No, the corollary to the plantation theory is the "house n*gger" theory, which is that there are people like Jesse Jackson, Al Sharpton, Ta-Nehisi Coates, among others, who are granted status out of proportion to their abilities in return for keeping track of who might be leaving the plantation and helping Massa keep them there. In the antebellum South the House n*ggers worked indoors, wore real clothes instead of the tattered rags of the field hands, and slept in the mansion -- servants quarters to be sure, but vastly better than the leaky and drafty slaves quarters the field hands slept in, so they were highly motivated to inform on the hands. Today media whores like Sharpton and Jackson have their faces on TV and Ta-Nehisi has a regular gig writing drivel for the Atlantic. But that's way better than what they'd have if they were judged by the abilities and by the content of their character instead of their willingness to say what their masters in the liberal establishment want them to say.

Does it matter that this abolitionist truth-teller serves at the leisure of an audience that is overwhelmingly white? Not really.

Republicans aren't allowed to get excited over a man who stands up and speaks truth to power? Why not? Ben Carson is very intelligent, and he surely knew the downside of what he was doing when he stood up at that prayer breakfast and spoke the self-evident truth about Obamacare. I'm sure he was aware that it would trigger the race hucksters like Ta-Nehisi coming after him to eviscerate him in print. But he did it anyway. He is what he is, and Ta-Nehisi is what he is.

Blacks are brainwashed slaves; you can’t expect them to know what’s in their interest.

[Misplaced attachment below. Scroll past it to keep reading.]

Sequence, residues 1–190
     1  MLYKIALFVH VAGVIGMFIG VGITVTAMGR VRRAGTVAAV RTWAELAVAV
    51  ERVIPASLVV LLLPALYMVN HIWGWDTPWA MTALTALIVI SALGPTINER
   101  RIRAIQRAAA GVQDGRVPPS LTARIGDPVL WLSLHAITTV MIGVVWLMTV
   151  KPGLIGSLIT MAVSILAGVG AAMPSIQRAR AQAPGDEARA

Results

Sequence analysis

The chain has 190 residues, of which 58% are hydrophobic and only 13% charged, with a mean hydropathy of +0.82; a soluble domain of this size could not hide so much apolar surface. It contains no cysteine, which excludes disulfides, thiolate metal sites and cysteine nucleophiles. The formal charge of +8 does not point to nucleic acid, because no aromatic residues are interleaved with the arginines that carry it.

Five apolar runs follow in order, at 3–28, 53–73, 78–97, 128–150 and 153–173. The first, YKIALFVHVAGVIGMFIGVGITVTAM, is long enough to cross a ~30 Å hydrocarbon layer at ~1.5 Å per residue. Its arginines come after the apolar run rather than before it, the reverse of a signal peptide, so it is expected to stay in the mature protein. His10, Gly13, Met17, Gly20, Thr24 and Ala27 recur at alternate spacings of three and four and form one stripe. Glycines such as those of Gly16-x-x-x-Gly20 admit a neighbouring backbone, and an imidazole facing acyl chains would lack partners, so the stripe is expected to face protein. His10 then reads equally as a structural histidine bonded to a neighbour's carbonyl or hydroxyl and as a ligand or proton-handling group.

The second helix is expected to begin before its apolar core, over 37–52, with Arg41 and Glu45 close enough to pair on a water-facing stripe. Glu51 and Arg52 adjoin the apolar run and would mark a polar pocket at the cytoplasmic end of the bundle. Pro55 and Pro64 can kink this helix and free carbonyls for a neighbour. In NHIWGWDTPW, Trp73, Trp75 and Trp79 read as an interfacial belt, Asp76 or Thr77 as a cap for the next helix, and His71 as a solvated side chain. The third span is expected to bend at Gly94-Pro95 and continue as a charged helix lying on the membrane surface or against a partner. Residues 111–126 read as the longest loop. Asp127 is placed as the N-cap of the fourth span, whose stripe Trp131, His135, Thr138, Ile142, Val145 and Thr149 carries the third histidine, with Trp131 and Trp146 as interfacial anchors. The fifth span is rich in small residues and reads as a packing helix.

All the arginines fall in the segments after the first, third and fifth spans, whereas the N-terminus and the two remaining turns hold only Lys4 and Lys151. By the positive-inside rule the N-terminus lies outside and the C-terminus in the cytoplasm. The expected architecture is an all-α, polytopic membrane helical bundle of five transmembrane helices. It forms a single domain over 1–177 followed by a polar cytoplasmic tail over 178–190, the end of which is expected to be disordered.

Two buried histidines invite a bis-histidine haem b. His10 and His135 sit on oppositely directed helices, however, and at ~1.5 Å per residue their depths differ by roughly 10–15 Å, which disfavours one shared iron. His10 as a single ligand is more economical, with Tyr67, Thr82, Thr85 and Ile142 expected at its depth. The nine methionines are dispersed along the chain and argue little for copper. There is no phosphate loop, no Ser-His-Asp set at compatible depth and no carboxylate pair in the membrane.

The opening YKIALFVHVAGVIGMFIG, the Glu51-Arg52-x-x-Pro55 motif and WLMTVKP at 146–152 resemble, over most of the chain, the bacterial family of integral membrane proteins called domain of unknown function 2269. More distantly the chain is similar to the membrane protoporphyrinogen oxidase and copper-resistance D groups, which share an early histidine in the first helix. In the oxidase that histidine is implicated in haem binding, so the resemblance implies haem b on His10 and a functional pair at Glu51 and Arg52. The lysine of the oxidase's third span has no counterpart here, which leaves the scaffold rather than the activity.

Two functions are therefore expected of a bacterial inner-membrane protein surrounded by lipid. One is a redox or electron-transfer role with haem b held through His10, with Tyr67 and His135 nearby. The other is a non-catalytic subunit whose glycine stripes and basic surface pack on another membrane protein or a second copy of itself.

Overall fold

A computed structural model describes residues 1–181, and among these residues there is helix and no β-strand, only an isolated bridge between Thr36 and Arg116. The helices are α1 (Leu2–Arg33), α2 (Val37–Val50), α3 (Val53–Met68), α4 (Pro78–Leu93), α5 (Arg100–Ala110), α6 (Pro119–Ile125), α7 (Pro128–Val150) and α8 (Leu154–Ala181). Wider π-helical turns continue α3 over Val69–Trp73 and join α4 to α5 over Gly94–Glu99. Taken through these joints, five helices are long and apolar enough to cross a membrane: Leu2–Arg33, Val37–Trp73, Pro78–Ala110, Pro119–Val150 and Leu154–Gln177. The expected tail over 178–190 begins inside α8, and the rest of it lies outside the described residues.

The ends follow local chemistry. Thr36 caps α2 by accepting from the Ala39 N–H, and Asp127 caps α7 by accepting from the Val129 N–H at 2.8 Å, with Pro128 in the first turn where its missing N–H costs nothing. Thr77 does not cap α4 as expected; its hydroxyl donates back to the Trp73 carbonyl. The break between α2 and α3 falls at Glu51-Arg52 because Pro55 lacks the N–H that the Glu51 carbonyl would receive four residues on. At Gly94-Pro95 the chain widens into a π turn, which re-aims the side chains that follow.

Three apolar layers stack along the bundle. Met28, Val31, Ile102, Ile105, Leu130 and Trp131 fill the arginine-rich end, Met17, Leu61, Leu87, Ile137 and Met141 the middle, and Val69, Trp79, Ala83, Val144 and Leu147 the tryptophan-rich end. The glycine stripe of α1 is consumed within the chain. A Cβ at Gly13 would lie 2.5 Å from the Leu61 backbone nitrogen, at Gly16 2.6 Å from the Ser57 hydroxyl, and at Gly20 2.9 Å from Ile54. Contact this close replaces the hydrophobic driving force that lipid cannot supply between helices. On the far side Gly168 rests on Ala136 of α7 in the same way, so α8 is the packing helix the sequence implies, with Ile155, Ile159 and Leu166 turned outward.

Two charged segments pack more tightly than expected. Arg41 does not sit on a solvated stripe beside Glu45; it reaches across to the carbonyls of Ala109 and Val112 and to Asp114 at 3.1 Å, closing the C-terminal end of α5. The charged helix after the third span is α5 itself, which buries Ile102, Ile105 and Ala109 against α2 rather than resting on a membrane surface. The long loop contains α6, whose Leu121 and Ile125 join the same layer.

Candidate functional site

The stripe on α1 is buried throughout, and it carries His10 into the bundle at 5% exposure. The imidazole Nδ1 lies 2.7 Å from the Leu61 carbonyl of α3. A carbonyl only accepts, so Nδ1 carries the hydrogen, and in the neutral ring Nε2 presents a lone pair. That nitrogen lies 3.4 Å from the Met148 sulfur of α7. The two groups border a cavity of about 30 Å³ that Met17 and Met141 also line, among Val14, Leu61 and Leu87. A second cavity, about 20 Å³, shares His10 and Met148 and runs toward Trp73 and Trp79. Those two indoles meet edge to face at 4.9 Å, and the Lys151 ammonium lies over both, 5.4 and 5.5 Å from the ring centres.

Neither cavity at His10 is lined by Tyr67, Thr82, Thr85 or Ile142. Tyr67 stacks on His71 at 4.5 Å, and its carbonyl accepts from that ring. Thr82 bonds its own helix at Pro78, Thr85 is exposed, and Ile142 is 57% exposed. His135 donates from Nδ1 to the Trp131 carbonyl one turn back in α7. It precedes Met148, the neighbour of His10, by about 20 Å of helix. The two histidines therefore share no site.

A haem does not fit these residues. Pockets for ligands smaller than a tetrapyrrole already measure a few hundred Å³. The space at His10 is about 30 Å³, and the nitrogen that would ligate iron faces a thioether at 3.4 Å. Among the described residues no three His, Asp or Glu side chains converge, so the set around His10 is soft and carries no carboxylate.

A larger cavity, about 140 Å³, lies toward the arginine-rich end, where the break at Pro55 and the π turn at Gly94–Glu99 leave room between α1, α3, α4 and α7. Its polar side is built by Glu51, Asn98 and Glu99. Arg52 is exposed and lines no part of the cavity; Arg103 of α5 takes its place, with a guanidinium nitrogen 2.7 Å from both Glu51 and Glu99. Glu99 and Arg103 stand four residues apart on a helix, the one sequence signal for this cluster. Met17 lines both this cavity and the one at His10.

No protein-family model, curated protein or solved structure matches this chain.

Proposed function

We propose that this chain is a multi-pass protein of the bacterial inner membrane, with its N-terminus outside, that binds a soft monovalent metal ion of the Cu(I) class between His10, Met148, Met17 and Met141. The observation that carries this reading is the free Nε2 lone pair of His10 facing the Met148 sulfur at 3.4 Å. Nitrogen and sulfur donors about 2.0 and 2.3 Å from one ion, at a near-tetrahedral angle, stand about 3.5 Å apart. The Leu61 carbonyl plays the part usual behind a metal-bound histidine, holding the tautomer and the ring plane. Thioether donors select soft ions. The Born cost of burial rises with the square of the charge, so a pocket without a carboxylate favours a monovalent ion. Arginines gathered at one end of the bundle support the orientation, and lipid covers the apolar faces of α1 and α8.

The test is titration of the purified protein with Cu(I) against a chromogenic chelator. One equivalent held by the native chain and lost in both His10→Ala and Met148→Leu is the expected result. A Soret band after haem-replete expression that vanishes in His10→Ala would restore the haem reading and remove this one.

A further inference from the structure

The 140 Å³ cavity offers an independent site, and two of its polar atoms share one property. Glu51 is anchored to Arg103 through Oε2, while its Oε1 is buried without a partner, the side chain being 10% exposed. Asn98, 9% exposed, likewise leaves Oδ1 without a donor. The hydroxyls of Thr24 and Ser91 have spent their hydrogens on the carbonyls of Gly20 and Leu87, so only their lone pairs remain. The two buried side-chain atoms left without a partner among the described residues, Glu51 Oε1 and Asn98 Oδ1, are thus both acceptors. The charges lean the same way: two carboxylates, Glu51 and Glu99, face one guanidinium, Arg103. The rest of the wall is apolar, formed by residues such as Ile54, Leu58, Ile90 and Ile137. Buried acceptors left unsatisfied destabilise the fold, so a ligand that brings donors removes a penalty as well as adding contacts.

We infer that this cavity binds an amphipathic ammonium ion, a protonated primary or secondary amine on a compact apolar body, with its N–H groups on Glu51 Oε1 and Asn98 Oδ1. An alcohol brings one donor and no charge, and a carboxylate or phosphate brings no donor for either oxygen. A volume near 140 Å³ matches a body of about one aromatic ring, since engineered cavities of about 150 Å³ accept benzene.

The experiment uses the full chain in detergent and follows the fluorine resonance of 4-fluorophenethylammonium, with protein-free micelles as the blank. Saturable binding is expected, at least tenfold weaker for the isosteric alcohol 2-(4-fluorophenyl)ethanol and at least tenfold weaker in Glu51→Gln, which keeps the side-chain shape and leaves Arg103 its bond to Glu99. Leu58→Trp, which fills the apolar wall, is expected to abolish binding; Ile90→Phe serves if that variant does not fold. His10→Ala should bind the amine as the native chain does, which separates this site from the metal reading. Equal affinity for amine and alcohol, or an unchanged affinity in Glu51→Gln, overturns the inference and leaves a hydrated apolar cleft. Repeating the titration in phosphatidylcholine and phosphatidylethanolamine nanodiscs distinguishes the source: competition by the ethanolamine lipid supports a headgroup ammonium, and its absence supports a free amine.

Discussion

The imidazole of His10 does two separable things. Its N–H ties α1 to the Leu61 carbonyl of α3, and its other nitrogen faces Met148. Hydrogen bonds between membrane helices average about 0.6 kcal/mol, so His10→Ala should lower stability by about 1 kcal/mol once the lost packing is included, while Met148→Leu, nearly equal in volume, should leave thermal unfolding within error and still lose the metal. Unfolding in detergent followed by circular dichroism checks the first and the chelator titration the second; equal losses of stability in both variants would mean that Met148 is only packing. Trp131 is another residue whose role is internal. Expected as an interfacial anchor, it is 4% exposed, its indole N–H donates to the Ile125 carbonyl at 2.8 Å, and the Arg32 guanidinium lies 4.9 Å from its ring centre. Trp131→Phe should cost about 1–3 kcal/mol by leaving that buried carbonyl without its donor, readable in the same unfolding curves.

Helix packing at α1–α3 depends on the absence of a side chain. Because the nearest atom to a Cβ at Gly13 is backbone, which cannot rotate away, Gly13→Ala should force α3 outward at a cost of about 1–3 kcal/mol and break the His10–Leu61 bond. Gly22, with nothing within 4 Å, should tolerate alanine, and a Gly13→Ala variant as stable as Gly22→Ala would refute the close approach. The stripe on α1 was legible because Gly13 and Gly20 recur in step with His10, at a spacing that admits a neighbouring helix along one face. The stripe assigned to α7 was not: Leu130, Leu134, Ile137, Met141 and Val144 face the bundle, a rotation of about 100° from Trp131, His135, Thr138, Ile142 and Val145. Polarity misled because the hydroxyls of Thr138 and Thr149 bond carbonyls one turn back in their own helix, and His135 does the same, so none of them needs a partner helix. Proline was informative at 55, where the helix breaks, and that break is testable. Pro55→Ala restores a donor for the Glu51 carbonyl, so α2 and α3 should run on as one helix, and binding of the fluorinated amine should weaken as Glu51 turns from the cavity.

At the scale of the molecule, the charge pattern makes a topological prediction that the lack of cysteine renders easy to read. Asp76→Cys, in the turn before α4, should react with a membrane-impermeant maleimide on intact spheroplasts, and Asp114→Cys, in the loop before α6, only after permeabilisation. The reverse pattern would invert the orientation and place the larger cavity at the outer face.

Considering their support for Obama despite the consequences of Obama's economic policies on the Black community, that may be the one true thing Ta-Nehisi wrote in his entire column.

wyo sis said...

I had some things to say about this, but they've all been said and said very well.
Thanks

I have only this to add.

CEO-MMP said...
James said...
Jesse Jackson Jr. and Al Sharpton were not "articulate and bright and clean" enough.
I thought it was because they had that ol' negro dialect?

Politicians on the left are very adept at putting on the ol' negro dialect when they think it will serve their purposes.
Obama himself, Bill Clinton, Hillary, slow Joe, and AlGore just to name a few.


mariner said...

Why does anyone care what Ta-Nehisi Coates writes?

He's black.

Got it.

Amartel said...

"Coates, who makes a living writing from the black perspective"

That's what Coates sez. Actually, he makes his living putting a black face on white liberalism.
A MASK if you will.

Amartel said...

Coates knows about masks.
Progressive Projection.

Bill Reeves said...

It takes chutzpah for someone with a name like Ta-Nehisi (is that faux African? Or just faux faux) to criticize someone else for wearing a 'mask'.

Andy Freeman said...

> I simply believe that left to their own devices, Democrats will spend the country into oblivion and seperate the nation from constitution, thus destroying liberty, in an attempt to achieve equality of results. And, in the process, assume a dictorial level of power. While I hope intelligent Democrats combat this, I don't put a lot of faith in it.

Okay, so let's see what you do about this.

> I guess I just think that challenging Republicans to think deeper is about the best chance we have to get out of the mess we're in.

You do know that's twaddle, right?